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Review: Theatre Artists Studio Presents POUND

Theatre Artists Studio’s production of POUND, directed by Carol MacLeod, runs through October 10th.

Review: Theatre Artists Studio Presents POUND

The easy way to sum up Sean O'Leary's fictionalized account of Ezra Pound's final days of incarceration at Saint Elizabeth's Hospital is to proclaim that words matter. Sure they do, but there's something deeper, more troubling, and provocative in the eponymous play (Theatre Artists Studio's compelling Season opener) that challenges one's ethical sensibilities and tolerance...and, I must say, that leaves one wondering if the playwright fell short of fulfilling his own intentions.

In a 2018 Forbes interview, Leary explained the problem that he wanted to explore and why Pound, anointed by his peers and literary scholars as one of the most influential poets of the 20th century, was the perfect subject: "How do we, can we, should we react when, in old age, we're suddenly confronted with the realization that we've made a mistake so awful that it's irredeemable?

A mistake?

Ezra Pound was always a tough read, not just for students in an English lit class but also for the literati who absorbed themselves in the intellectual intricacies and eclecticism of his poetry. As perplexing as his poetry may have been, the politics of the man were less so. He was an unequivocal fascist and anti-Semite. His predilection, for example, for Mussolini (Il Duce who famously "made the trains run on time") reflected his obsession with precision and order and his disdain for the messiness of democracy. He saw capitalism as the main catalyst of World War I and believed that fascism was the antidote to the "usury system of global capitalist markets." His world view fed his insidious diatribes and radio broadcasts that framed European Jews as the powers behind the corrupt system.

There was no mistake in Pound's intentions, and, for these transgressions, he was charged with treason, pleaded insanity, and was confined to St. Elizabeth's Hospital for thirteen years.

It is here, in the confines of that institution, that the stage is set for a trial of Pound's soul ~ the prosecutor, Ann Polley (Maureen Dias Watson), a psychiatrist with a mission to cure the legendary figure. Her intervention is unorthodox, exceeding the bounds of clinical propriety. Her prescribed cure is to get Pound to see the world as it come to terms with the profound damage that he has done by the power of his unearth the forces that drove him to such break him.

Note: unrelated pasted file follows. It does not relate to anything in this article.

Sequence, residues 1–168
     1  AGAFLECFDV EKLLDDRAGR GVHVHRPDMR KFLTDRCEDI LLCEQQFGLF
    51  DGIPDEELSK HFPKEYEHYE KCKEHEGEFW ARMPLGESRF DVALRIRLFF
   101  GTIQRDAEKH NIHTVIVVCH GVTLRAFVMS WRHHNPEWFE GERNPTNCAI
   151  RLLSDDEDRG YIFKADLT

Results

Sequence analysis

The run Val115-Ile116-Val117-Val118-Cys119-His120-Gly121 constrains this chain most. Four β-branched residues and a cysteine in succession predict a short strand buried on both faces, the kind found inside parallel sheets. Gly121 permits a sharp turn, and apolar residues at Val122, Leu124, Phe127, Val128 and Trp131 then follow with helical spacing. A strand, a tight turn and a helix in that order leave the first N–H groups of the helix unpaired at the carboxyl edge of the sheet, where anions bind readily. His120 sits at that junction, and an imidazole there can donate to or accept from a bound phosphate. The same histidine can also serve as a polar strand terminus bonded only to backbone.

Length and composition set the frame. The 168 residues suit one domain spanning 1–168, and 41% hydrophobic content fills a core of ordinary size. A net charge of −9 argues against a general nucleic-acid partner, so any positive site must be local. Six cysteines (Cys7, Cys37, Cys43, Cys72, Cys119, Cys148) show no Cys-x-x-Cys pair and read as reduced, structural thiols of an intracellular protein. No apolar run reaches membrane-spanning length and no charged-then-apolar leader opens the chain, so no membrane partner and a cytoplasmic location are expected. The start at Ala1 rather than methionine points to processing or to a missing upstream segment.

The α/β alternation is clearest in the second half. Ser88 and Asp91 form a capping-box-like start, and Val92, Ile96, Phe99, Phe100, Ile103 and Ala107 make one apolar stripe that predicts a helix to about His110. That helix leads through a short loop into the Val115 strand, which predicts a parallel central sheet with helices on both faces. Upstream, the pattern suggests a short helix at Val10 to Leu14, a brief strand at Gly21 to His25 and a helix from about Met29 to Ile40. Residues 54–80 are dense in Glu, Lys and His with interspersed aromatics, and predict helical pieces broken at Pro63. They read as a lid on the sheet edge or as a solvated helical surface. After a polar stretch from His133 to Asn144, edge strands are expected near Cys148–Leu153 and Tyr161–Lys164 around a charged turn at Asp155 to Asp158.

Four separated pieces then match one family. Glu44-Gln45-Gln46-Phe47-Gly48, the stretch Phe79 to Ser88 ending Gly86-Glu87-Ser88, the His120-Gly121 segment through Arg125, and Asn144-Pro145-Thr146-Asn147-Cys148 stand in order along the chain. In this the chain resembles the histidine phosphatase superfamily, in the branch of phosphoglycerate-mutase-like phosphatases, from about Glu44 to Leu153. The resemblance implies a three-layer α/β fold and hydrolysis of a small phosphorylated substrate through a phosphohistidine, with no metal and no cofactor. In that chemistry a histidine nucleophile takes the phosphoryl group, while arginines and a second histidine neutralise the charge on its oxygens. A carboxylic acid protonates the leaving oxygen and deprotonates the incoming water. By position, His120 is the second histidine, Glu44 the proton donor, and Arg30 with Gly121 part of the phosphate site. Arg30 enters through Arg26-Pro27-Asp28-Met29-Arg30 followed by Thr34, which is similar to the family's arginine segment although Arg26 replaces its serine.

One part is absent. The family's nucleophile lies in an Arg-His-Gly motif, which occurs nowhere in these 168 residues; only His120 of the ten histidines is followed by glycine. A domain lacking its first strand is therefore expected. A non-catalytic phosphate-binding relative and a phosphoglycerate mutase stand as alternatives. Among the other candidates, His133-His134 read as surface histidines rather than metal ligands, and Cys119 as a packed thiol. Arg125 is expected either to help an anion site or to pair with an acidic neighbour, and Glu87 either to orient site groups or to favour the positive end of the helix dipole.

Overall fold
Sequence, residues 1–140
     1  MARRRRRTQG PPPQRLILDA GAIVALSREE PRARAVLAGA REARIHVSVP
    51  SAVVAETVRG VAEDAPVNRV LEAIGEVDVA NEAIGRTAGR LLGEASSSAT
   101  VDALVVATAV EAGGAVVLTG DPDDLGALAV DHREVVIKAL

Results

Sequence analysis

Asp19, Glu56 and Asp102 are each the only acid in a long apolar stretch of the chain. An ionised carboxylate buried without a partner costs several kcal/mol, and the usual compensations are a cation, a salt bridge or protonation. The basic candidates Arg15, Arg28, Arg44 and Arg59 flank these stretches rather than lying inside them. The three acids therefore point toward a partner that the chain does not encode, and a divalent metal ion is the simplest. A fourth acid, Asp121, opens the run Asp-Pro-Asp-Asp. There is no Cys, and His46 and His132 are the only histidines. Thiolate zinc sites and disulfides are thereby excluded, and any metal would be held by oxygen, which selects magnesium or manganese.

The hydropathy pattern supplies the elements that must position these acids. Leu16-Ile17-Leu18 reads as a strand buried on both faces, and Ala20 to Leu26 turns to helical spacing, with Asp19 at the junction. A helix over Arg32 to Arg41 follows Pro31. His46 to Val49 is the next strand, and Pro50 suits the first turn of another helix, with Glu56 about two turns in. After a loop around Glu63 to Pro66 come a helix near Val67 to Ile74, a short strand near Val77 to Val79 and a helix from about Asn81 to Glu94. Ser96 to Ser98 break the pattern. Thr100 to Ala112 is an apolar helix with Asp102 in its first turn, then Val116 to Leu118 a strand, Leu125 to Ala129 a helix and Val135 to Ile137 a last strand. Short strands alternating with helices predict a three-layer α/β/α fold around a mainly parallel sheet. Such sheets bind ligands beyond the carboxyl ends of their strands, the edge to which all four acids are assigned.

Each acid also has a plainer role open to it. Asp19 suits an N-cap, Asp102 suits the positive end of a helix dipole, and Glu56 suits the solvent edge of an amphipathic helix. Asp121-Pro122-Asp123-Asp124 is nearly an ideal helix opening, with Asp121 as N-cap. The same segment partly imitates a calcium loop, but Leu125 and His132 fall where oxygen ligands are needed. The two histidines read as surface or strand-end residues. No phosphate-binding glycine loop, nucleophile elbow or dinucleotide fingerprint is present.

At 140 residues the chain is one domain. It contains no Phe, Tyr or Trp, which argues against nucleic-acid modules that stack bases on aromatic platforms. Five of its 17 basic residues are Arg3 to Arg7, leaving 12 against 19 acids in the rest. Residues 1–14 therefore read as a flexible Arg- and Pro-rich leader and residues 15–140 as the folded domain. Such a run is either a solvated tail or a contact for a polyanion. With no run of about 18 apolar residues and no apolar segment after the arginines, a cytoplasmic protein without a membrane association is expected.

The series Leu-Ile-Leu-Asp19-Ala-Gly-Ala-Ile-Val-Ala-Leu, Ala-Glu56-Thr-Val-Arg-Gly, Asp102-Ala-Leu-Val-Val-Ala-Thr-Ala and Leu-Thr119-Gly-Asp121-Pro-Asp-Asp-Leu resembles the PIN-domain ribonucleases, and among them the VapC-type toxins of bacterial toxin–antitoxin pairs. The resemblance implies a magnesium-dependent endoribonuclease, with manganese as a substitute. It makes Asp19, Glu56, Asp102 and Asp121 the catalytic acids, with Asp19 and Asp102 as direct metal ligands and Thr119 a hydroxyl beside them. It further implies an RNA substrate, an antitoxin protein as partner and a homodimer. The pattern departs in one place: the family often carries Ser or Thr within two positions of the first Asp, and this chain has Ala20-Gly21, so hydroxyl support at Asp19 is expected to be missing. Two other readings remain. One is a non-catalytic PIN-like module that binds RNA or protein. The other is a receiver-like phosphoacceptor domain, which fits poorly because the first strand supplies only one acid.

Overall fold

Watson plays to a single chord of unremitting hostility and anger at the subtleties here, no easing into the role. She is a force and a fury from the onset, springing on Pound with ferocity, relentless in challenging his hybris and exposing his hypocrisy. When she discloses that her father was a poet as well, a pursuit foreshortened by the madness of fascist times, it requires little to discern the source of her passionate assault on Pound's sensibilities.

Steve Mastroieni delivers a commanding and stirring performance as Pound, the tempestuous, arrogant, and petulant patient who enjoys special privileges ~ ruling his hospital roost, holding court with visiting sycophants, baiting his nevertheless doting Nurse Priscomb (Patti Davis Suarez) ~ all thanks to the wiles and favors of the hospital's superintendent, Dr. Winfred Olverholser and the committed advocacy of friend and fellow poet Archibald MacLeish (David Heap).

Mastroieni is a force of nature on stage ~ giving range and texture to his role, cascading from one level of emotion to another, and giving dimension to his character.

To the playwright's question of how one (to wit, Pound) should react when confronted with the implications of his behavior ~ that his words killed ~ Mastroieni gives us a man inconsolably broken. So it goes, but, at play's end, are we even then to feel sympathy for the tainted genius?

Sean O'Leary's POUND premiered in October 2004 at The Washington Stage Guild in Washington, DC. and was produced Off-Broadway in 2018 with Christopher Lloyd as Ezra Pound. Theatre Artists Studio's production of the show, directed by Carol MacLeod, runs through October 10th.

Photo credit to Mark Gluckman: L to R ~ Patti Davis Suarez, Steven Mastroieni

Theatre Artists Studio ~ 12406 N. Paradise Village Parkway East, Scottsdale, AZ ~ ~ 602-765-0120

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